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Things You Can’t Forget to Do When Terminating an Employee

Things You Can’t Forget to Do When Terminating an Employee

Business Impact: Organizations who properly prepare for terminations will minimize risk and protect team morale.

Terminating an employee, although unpleasant, is sometimes a necessary step as part of the employment relationship. There are many factors that need to be considered and some essential steps that employers can’t forget when terminating an employee. Although most states operate under employment at will, meaning that either the employee or the employer may terminate the employment relationship at any time and for any reason, there are limits to the at-will principle.

Some essential things you need to remember are:

  • If the employment relationship is established and protected by contract, such as an employment contract or a collective bargaining agreement in a unionized workplace. In this case, this agreement may limit the parties’ right to terminate employment.
  • Many State and federal laws may override and limit the right of an employer to terminate employment. For example, when termination is based on a protected class, status, or activity.
  • Specific practices may need to be followed regarding how termination can happen. For example, some states have specific pay out requirements.

Once the decision has been made to terminate an employee, the following steps are important to consider to make sure the termination process runs smoothly:

  • Use a checklist to help you stay on track and have control of the conversation.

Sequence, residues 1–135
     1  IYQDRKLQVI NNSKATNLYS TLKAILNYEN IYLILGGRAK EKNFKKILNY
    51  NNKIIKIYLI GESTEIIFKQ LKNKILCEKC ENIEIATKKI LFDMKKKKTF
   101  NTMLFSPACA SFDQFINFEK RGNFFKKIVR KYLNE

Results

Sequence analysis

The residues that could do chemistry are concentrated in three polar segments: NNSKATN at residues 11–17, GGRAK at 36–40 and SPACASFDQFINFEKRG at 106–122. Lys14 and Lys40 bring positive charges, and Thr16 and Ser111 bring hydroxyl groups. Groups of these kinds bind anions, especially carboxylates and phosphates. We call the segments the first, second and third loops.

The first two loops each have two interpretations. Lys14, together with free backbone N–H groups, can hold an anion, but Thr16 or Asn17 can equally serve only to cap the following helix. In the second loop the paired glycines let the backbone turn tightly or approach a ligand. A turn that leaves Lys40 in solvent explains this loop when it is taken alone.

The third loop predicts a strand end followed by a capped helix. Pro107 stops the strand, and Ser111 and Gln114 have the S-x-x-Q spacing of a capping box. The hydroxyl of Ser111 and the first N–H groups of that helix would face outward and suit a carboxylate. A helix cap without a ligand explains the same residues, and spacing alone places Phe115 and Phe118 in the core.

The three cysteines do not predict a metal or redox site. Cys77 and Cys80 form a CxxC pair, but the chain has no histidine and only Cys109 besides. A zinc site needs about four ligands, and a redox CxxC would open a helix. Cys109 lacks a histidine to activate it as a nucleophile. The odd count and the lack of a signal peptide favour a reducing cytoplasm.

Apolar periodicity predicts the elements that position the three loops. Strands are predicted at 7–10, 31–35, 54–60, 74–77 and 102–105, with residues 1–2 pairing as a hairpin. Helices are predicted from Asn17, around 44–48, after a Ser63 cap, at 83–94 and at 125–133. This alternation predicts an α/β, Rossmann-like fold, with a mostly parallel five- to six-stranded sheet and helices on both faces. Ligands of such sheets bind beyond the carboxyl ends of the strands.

• This ensures that you address everything needed, it should include the reason why you are discharging the employee and all the documents you need to complete the termination. Prepare this beforehand with all the talking points to cover and gather all the supporting documentation.
  • Always include another manager, supervisor, or an HR team member as a witness and to take notes of the conversation.
  • Not doing this puts you and your company at risk of numerous “He said, she said” scenarios, none of which are good.
  • Decide where the termination meeting is going to take place
  • Have an exit plan. Does this person have personal belongings? How will that be handled? Do they have company equipment such as a cell phone, laptop or keys that you need to get?
  • It’s usually best to hold the termination meeting at the end of a workday when coworkers are leaving.
  • This gives the employee a chance to collect their belongings. Collect their employee ID, entry badge and any other company items. You can either give them the option to come back and collect their items after hours or mail the items to them. Handling this privately helps preserve the dignity of the employee and avoids a negative office environment.
  • Always have someone available to escort the former employee while they’re on company property after the meeting.
  • Provide information they might need regarding who to contact if there are questions about vacation payouts, benefits, and COBRA information
  • Contact IT or security to cancel access or change passwords if applicable.

The goal should be to allow both parties to move on in a positive way. Handling the termination process effectively will help minimize the risks to the organization and protect team morale. It can sometimes feel daunting but taking the time to consider all the factors and prepare a plan will go a long way to making the termination run smoothly.

Written by
Bethania Nunez-Rodriguez